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Getting Up The Mountain: Stakeholders Divided Over Transportation Plans For Little Cottonwood Canyon

A photo of cars parked on the side of the road at Albion Basin.
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Proposals to address traffic on Little Cottonwood Road, or S.R. 210, mostly cater to cars heading to the Alta and Snowbird ski resorts, as they make up the largest share of drivers.

As state and local officials narrow in on plans to address traffic congestion in one of Utah’s key routes to ski resorts — Little Cottonwood Canyon — stakeholders have lined up behind their preference of the three proposals on the table.

The options include increasing bus service, widening the road on top of increasing bus service or bypassing the road altogether via gondola. And while an option won’t be chosen until Spring 2021 — after the Utah Department of Transportation analyzes the potential environmental and economic impacts of each option — no clear frontrunner has emerged.

In general, ski resorts and their partners tend to favor the gondola, while rock climbers and backcountry skiing groups want better bus service. And some, such as the preservation group Save Our Canyons, don’t like any of the choices.

Brian Brown, communications manager for Snowbird, said given population growth estimates over the next 30 years, the gondola seems like the best plan for moving a lot of people up the mountain efficiently.

“Any solution that involves cars or busses, for that matter, we don't think would stand the test of time because there's just a finite amount of space in that canyon,” Brown said.

Also, he said, the gondola could run all day and avoid avalanche impacts on the road.

But for professional ski mountaineer and environmental activist Caroline Gleich, increased bus service is a better route because it wouldn’t require major construction in the canyon and could be done quickly.

Plus, because the gondola would only have two stops — at Snowbird and Alta — anyone who isn’t heading to a resort will be left out.

“For dispersed recreationalists, for hikers in the summer, for backcountry skiers or people who don't have enough money to go to the ski resorts, the gondola wouldn't provide any transportation benefit for them,” Gleich said.

But she said for any transit system to be truly effective, it needs to extend beyond Little Cottonwood, connecting people to Park City, Big Cottonwood and throughout the Salt Lake Valley.

There is, however, a more comprehensive plan in the works — the Mountain Transportation System (MTS). Launched earlier this year and spearheaded by the Central Wasatch Commission, it’s a separate process from the Little Cottonwood Environmental Impact Statement, but aims to develop a more efficient and sustainable transit network throughout the Wasatch Front and Back.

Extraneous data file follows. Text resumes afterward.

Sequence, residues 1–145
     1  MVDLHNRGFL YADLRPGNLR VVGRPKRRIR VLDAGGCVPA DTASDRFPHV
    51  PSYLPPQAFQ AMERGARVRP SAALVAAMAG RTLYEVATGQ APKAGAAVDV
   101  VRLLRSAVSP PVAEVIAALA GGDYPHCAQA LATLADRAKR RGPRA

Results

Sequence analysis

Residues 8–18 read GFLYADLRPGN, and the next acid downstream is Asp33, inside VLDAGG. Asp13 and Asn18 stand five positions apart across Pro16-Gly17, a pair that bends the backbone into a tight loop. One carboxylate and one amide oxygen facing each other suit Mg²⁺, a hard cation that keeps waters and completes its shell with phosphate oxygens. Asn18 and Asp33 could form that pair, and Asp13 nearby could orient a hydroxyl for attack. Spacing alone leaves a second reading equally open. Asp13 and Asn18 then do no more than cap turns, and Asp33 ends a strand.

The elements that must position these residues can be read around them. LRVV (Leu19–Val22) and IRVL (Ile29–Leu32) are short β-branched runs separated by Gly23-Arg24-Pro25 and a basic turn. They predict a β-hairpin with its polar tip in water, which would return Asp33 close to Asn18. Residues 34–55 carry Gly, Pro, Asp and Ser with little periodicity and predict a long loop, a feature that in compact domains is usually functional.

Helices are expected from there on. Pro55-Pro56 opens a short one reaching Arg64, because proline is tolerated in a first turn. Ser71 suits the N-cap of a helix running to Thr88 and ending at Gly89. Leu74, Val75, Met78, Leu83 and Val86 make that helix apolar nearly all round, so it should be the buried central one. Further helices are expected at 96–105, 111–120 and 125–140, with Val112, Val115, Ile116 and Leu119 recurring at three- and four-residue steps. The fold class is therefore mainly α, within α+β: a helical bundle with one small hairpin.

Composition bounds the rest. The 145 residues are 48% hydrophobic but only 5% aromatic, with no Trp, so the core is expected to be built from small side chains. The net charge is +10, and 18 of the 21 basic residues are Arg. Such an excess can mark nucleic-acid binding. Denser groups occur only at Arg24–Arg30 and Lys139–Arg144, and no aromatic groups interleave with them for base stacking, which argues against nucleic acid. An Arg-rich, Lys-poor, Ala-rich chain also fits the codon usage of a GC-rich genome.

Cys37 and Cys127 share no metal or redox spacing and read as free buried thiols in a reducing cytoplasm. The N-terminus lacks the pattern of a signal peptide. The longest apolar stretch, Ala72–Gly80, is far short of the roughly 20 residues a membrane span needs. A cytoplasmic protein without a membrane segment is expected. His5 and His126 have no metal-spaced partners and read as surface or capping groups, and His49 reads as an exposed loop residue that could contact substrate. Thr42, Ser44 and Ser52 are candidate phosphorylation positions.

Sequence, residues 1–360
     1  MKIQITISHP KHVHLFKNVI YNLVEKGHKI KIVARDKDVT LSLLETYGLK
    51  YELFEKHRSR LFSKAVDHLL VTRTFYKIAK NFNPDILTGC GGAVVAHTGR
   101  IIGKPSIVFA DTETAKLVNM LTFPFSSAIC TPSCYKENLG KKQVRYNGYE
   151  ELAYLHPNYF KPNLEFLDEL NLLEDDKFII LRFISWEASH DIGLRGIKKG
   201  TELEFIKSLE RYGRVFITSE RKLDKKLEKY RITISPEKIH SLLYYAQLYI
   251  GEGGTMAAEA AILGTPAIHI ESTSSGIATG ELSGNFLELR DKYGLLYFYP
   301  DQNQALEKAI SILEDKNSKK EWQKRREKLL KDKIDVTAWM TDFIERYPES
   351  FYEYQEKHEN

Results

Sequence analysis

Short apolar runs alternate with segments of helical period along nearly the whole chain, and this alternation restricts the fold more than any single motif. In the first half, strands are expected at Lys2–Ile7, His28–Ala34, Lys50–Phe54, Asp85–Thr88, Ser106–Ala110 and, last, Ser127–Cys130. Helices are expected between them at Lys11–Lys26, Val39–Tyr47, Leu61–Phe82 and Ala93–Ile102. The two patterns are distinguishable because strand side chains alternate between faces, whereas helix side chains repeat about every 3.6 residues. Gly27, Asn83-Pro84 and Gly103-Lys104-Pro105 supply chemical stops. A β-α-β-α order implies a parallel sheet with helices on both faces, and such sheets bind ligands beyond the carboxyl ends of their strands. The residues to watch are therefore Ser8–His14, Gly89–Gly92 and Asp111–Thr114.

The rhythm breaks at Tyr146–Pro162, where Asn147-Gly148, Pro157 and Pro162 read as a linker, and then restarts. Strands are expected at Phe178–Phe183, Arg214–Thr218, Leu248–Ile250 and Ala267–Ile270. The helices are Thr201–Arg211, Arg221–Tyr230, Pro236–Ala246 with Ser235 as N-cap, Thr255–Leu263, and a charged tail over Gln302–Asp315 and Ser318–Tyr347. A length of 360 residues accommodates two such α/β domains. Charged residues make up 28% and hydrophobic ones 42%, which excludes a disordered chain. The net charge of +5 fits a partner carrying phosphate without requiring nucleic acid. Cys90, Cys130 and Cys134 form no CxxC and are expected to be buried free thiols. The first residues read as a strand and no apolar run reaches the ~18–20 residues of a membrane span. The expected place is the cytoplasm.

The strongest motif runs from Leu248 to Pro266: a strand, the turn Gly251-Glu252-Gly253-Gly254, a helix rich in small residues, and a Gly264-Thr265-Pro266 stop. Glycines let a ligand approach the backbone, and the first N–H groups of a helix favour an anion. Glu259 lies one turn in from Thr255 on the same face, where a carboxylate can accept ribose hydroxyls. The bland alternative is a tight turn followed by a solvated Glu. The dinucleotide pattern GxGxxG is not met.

After an initial public comment period in February, which provided a broad sense of the goals and attributes people wanted to see in the plan, organizers are launching a second phase Friday to dive into the specifics of which transportation modes should be considered.

“We want the best project to rise to the top, and it will probably be a combination of the various modes,” said Chris Robinson, a Summit County councilmember and chair of the Central Wasatch Commission. “In other words, you're not going to build a gondola everywhere. You're going to have busses, and even with a train, you still may have gondola connections and busses.”

The challenge is, the MTS doesn’t have the same legal or financial backing as the LCC EIS, which must go through a federal environmental review process, and isn’t guaranteed to be adopted. At this point, it’s more of an exercise to determine what a comprehensive transit framelike could look like, which Robinson said will hopefully guide what happens in Little Cottonwood.

“The worst thing would be if we get going down a course with what the Utah Department of Transportation does in Little Cottonwood Canyon, that makes it impossible to do what the consensus bigger picture might look like,” he said.

Robinson said the goal is to settle on a MTS framework by November.

UDOT said it is continuing to refine its LCC proposals, including considering some alternatives proposed during the last public comment period in July. It expects to release a revised report this fall.

Corrected: September 18, 2020 at 8:35 AM MDT
A previous version of this story misnamed the conservation group Save Our Canyons.
Jon reports on quality of life issues, education and the economy
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